More fall – but this is extra special because my dad brought it for me from Ohio. Not many mini-pumpkins to be found in Greece, especially this time of year. I do my best to keep the space around me inspiring and comforting, and small things like this bring me a disproportionate amount of happiness. (I’m reminded of my room at university in first year – I went all out on the Christmas decorations, and although my friends indulged me, assuring me it was lovely, I’m sure that the decorations made me happier than anyone.) Also it’s small and adorable. Very simple!

Ok — lesson learned from this week. Too much fall related stuff. This post is really orange  Challenge met but.. perhaps some more thinking outside the box is needed. Next week I’ll be away, travelling in the Peleponnese with my dad for the first Tour du PéloponnèseThere will certainly be no shortage of photo opps, but I’ll do my best to push myself a little and try and get creative. Stay tuned 🙂

Athens: Platia Agias Eirnis

Though I haven’t really mentioned it on the blog, earlier this year I started contributing some of my work to Portes Magazine, published by two Greek-American sisters I met here in Athens. The first thing I wrote for Portes was about one of my favourite areas of Athens – Agia Eirini Square. This was where my university classes were held, and even over the course of the calendar year I watched as the area became more lively and popular with young and old Athenians alike.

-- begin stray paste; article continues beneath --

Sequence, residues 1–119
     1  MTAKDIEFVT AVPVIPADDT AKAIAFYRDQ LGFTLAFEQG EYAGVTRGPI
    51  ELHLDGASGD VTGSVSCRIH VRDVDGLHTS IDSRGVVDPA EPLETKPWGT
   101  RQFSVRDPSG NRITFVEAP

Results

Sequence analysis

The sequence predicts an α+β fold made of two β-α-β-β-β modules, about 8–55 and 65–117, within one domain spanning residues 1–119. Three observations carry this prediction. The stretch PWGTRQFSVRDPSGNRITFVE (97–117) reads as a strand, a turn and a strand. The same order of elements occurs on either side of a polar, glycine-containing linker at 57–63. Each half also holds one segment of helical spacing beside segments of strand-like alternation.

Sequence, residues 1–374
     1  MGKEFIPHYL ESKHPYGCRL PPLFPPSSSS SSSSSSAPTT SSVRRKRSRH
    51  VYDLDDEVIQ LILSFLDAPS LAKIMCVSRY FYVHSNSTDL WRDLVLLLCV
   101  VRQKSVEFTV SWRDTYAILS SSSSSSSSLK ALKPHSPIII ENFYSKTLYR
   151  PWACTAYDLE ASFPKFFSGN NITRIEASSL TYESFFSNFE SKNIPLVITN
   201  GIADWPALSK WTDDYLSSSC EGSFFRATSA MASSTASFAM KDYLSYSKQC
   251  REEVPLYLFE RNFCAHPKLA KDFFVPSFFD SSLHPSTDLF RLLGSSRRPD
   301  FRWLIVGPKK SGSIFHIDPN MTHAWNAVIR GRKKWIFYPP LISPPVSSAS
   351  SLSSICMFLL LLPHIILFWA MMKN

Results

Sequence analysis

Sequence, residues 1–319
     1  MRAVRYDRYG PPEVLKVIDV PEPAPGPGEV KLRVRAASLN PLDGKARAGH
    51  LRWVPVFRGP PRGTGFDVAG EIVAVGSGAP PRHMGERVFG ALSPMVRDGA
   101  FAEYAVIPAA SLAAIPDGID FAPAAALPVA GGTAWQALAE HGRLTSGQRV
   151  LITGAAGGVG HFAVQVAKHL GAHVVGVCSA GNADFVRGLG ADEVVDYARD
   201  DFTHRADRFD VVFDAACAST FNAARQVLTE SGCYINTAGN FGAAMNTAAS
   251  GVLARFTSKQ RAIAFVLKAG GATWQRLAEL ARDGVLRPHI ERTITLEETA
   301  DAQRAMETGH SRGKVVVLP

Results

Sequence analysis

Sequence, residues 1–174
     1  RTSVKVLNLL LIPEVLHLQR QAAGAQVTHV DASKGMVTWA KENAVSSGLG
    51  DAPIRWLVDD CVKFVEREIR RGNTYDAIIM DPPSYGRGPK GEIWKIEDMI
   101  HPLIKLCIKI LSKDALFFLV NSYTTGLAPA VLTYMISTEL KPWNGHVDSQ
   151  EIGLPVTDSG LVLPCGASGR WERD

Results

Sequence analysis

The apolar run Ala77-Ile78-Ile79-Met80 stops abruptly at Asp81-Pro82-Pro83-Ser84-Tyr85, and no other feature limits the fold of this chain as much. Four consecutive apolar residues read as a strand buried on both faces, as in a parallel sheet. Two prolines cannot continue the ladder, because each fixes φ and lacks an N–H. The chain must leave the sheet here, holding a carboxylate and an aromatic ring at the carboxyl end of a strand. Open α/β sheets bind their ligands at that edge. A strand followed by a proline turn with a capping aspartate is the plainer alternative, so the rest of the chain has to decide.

The square is named after the church -Agia Irini, which is itself really lovely, though nowadays most people walk past it on their way to the bars, cafes or restaurants. It is worth looking at though, even just for a moment. The land was previously occupied by one of the main churches of Athens, but that building was destroyed during the Greek Revolution, and the current church built to replace it in 1847. The style is an interesting combination of neoclassical, reflecting the new Greek state’s obsession with its ancient past and early rejection of Byzantine influence. To the casual visitor, it doesn’t seem very ‘Greek,’ but the church is actually very much of its time.